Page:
Description/Background: In the USA, angina affects 10.2 million people with Coronary Artery Disease (CAD) (Sansone, 2010). CAD is the leading cause of death with chest pain being its primary manifestation (Gallagher, 2010). Sublingual nitroglycerin (SLNTG) is the first line drug of choice most commonly prescribed for chest pain and or in combination with morphine and oxygen (Gallagher, 2010). Early recognition and management is essential to reduce patient’s mortality and improve patient’s outcome. In 2014 the staff of MS5 (medical surgical 5) identified SLNTG was not available in the pyxis during some of the chest pain rapid response. Though no negative patient outcomes were reported; there did exist a potential risk. Staff surveys indicated 63% of the time SLNTG bottle was not in the electronic medication dispensing system (PYXIS) even though the system showed it was. SLNTG was being lost costing the unit money and delays in care as nurses would hunt from pyxis to pyxis or hiding places for nitroglycerin.


1) To increase the availability of Nitroglycerin

2) To reduce the waste of nitroglycerin

Action: A T.R.I.M. (lean methodology) project was designed in collaboration with Pharmacy and Performance Improvement departments. By identifying barriers, streamlining dispensing process and bar-coding technology, SLNTG was dispensed only 3 pills at a time rather then a bottle.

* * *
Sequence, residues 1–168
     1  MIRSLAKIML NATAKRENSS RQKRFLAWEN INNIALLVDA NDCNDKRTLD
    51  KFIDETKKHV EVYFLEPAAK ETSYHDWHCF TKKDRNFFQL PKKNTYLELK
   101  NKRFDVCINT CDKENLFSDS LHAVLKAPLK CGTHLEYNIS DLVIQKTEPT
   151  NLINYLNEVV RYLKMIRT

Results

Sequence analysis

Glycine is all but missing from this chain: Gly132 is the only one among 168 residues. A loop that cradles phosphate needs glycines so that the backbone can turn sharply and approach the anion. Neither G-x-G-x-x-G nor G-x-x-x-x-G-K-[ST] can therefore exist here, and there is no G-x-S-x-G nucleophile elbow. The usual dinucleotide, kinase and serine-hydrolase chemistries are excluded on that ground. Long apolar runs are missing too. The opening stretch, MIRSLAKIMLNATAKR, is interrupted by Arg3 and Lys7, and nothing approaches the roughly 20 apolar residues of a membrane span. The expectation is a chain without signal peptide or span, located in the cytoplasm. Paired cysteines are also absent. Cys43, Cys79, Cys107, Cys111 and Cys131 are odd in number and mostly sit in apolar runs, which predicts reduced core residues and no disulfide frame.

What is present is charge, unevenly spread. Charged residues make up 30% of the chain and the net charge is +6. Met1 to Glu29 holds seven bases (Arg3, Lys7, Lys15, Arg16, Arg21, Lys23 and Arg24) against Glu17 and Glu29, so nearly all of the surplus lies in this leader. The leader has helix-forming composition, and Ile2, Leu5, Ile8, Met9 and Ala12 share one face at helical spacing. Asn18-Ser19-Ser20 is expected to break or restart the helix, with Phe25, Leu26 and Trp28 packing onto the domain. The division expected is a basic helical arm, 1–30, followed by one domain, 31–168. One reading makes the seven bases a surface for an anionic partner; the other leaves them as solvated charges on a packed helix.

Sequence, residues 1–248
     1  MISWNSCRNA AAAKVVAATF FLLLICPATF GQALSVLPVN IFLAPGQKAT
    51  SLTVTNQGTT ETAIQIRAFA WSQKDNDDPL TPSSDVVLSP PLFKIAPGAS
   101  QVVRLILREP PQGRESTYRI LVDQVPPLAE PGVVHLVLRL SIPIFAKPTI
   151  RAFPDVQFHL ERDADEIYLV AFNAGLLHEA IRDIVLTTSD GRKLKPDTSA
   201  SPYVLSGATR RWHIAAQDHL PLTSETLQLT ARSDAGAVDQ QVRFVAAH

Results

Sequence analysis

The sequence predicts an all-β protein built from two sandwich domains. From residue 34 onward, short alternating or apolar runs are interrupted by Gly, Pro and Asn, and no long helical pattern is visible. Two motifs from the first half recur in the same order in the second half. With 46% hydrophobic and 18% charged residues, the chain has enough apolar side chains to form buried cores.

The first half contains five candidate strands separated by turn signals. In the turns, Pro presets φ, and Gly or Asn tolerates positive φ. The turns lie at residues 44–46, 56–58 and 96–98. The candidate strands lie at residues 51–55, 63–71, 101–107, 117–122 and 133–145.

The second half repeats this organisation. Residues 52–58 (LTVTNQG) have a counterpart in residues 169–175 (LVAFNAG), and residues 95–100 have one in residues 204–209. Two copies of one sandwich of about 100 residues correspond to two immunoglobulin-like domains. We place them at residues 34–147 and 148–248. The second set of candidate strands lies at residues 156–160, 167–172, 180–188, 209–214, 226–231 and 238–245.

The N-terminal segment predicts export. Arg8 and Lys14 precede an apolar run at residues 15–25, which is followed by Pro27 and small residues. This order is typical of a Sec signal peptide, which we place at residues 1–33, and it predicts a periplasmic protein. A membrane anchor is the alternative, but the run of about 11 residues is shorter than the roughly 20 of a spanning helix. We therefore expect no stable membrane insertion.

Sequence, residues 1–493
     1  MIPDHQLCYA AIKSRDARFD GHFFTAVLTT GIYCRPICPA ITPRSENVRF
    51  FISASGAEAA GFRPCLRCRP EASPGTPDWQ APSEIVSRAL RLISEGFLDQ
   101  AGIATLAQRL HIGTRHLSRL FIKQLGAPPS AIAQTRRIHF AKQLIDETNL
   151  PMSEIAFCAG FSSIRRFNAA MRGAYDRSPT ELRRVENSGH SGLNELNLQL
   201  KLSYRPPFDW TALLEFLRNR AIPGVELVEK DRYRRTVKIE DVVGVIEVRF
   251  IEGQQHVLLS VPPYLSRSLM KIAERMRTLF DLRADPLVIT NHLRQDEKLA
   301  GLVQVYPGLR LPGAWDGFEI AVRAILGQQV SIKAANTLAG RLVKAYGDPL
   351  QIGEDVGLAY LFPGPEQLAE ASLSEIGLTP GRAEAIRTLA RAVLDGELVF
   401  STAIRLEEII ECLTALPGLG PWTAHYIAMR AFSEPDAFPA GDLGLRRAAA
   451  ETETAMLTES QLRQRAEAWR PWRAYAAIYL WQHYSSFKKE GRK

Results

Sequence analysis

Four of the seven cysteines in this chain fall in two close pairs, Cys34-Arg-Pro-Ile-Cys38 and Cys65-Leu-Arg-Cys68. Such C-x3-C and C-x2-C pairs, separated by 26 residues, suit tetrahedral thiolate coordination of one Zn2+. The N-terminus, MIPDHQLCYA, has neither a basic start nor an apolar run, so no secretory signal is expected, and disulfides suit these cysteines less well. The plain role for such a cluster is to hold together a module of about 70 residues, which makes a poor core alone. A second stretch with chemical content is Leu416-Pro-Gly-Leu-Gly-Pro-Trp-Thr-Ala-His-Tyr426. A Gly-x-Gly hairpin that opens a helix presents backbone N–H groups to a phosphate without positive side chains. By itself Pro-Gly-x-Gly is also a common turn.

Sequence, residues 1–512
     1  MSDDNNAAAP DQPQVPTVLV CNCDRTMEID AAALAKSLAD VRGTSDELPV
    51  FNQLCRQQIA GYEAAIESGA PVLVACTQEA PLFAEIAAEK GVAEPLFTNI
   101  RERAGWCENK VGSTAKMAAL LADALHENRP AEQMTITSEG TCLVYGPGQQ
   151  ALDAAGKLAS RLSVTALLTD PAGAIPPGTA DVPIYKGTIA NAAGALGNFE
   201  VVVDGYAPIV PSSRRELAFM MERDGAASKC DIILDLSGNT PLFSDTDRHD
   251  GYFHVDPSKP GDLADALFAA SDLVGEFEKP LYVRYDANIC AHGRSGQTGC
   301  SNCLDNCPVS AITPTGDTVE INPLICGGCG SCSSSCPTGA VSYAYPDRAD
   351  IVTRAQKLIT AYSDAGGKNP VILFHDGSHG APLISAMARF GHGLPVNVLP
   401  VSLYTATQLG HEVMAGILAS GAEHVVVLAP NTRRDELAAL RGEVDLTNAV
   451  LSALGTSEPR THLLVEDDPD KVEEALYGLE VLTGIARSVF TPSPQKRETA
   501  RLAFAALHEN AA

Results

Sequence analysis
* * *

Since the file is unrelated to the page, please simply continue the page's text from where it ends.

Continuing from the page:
Outcomes: SLNTG was available in the pyxis for every chest pain rapid response during the trial period. The unit was able to reduce loss of nitroglycerin and save money. Cost of administration went from $253.88 to $0.00 dollars lost (zero) over period of three months and 100% of the time SLNTG was available. Future plans include disseminating the process hospital wide and increasing our savings throughout.

Publication Date


Presented At:

11th Annual BHSF Research Conference

Content Type


Baptist Health South Florida Affiliations:

Rosa Filomeno MSN, RN, CMSRN

Additional Authors:

Miguel Uribe, RN, CMSRN

Larissa Vega, BSN, RN, CMSRN, CPHQ

Aracely Olvera, MSN/ED, RN, CMSRN

Steven Trush, RN, CMSRN

Martha Gaitan, RN

Joyce Jones, BSN, RN, CMSRN

Open Access

Available to all.